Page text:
The Stations of the Cross are one of his recent additions to the church, acquired from a closed parish elsewhere in the country, with the station names written in the Slovak language of the previous parish’s ethnic population. Similar enough to Polish, a language Father Wojdelski understands, he was able to read the Slovak writing and post translations below each station.


Another aspect of the church that has grown over time is its collection of sacred relics. Encased in small but often elaborate reliquaries, Sacred Heart possesses what Father Wojdelski estimates to be around 250 individual relics in their display cases. Normally, he explained, a church will have only a couple of these. 

Some are what are known as first-class relics, meaning they are a part of a saint’s body, such as bone fragments from St. Linus and St. Pius V. Others are second-class relics, which is something that a saint owned, such as a piece of clothing. A third-class relic is something that has been laid on the body of a saint. Relics need to have authenticated papers to be considered genuine and relics cannot be put up for sale. 

Sacred Heart has multiple cases for these relics and Father Wojdelski maintains a list of those on display. The priests of the parish bring individual relics out to put on display and to venerate on a saint’s feast day. Relics from such honored saints as Mary Magdalene, Cecelia, Felicity and Perpetua, Polycarp, Irenaeus, and Ignatius can be viewed after Mass times. The Sacred Heart website has a link to the list of relics and a schedule of feast days in which a particular relic may be exposed (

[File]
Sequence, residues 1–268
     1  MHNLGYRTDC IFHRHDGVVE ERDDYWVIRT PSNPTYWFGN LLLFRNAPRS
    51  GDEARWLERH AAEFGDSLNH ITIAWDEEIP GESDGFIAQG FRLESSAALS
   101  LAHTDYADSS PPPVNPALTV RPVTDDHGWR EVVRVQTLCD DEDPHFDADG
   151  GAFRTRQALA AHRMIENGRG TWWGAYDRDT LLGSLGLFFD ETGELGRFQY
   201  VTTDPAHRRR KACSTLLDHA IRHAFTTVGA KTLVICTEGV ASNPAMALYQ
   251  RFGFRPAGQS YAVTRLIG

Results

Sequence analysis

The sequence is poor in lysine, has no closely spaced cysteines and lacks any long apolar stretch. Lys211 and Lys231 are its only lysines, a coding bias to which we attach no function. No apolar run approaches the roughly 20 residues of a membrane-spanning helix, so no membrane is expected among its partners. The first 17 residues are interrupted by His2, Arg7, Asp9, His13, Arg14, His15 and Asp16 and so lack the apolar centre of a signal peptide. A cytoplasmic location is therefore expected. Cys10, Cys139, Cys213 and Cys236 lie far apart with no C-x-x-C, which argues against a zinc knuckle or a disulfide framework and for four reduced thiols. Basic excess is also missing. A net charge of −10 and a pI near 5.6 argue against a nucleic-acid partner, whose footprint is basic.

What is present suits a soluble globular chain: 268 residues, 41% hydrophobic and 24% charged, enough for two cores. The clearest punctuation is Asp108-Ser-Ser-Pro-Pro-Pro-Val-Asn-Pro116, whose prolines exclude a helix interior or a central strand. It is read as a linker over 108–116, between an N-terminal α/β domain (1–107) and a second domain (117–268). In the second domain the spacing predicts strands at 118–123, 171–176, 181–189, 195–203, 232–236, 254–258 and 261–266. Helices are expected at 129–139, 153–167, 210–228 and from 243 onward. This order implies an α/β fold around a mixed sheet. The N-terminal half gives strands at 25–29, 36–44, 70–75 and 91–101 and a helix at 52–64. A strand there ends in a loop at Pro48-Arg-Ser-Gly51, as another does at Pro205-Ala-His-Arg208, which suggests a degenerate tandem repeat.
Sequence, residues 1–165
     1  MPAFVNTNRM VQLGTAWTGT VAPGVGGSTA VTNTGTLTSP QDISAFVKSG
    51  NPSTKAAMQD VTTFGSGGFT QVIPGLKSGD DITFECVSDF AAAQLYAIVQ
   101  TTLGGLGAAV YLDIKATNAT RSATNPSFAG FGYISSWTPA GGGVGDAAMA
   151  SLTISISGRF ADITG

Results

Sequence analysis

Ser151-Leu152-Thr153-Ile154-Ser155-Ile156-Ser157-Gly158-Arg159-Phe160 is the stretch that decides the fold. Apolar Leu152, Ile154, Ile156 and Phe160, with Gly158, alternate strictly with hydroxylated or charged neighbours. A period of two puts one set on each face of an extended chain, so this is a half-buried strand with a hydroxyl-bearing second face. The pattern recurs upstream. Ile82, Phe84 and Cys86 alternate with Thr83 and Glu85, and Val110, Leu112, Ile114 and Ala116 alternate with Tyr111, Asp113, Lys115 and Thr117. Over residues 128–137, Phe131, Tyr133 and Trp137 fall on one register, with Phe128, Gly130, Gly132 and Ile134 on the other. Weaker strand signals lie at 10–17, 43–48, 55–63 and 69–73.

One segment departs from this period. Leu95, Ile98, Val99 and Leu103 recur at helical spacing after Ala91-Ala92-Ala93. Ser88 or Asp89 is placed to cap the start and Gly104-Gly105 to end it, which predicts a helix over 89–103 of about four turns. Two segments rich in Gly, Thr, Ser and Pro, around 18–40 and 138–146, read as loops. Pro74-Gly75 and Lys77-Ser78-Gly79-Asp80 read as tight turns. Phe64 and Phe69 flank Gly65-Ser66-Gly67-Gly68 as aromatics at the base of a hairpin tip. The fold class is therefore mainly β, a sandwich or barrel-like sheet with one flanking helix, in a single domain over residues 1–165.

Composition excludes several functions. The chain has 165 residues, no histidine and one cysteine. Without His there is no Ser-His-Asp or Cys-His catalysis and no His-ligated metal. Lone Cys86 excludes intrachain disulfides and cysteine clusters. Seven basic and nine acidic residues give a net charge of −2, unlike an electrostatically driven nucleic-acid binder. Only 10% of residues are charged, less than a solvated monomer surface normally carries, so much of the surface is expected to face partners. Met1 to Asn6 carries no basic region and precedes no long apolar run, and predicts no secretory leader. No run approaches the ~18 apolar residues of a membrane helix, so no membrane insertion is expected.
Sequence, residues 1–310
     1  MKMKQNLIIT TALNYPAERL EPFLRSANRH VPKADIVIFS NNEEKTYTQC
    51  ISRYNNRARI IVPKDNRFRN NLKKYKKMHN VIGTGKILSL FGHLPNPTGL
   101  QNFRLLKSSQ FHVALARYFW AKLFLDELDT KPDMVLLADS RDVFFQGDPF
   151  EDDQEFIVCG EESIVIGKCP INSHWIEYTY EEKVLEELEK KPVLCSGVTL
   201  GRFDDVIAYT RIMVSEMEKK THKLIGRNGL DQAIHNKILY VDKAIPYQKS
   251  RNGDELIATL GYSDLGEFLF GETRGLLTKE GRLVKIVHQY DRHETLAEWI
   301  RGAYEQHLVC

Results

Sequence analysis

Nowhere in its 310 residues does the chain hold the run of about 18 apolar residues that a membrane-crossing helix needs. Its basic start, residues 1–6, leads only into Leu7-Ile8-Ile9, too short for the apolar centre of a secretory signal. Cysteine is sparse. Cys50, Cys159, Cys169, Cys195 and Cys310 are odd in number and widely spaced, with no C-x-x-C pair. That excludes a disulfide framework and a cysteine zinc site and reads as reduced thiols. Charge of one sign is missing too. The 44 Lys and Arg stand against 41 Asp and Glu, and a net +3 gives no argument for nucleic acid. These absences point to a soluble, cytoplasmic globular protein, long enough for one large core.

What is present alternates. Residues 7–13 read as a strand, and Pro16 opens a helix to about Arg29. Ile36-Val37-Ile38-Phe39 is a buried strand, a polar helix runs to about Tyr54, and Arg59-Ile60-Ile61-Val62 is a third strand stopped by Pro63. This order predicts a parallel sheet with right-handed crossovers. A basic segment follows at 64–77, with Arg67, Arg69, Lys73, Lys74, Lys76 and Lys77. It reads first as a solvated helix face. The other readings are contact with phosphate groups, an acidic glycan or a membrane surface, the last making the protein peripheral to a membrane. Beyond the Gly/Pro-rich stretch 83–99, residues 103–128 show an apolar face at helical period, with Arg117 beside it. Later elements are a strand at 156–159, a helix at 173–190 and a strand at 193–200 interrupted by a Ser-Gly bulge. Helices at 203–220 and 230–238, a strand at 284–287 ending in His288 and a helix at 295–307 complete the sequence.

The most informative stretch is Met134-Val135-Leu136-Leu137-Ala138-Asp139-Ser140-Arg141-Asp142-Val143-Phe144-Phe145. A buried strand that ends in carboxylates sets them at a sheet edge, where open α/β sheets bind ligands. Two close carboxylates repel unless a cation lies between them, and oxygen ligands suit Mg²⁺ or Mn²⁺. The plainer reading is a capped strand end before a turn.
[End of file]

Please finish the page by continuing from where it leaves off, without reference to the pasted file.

‘Fertile Ground’

Father Wojdelski has made a home in the diocese, Fort Wayne in particular. “Fort Wayne is phenomenal with Catholicism. I have never seen so many confessional options. … I think this is a great place to be a Catholic. It’s very fertile ground.”

Due to growth within the parish, Father Dominic Savoie, FSSP, has recently been assigned as Parochial Vicar to assist in the life of the parish. Father Wojdelski attributes this growth to a rise in young families “looking for a reverent worship experience and tradition.” 

He proudly stated that: “We have a five percent growth by babies alone,” with 14 infant baptisms and a handful of adult converts to the faith this year. 

Father Wojdelski speaks enthusiastically of the people of his parish, some of whom travel an hour or more to attend Mass there. Groups like the Militia of St. Joseph, a parish men’s group; the Troops of St. George, a scouting group for boys and their fathers based completely in Catholicism; the Handmaids of St. Joseph, a woman’s group currently studying the Catechism of the Catholic Church; and the Young Ladies’ Sodality all make for a bustling civic life for a small parish of roughly 400 people. When Bishop Rhoades visits the parish, Father Wojdelski said that the people receive him warmly, spending time with him and showing him their appreciation. He also shared how several vocations have come from Sacred Heart since its becoming a personal parish, particularly in the FSSP. 

For those attending a Latin Mass for the first time, Father Wojdelski’s advice is simple. “Don’t follow along, just experience it. Look at the [red translation] book before you come, but don’t worry about anything else. Immerse yourself in the experience … your Catholic heritage.”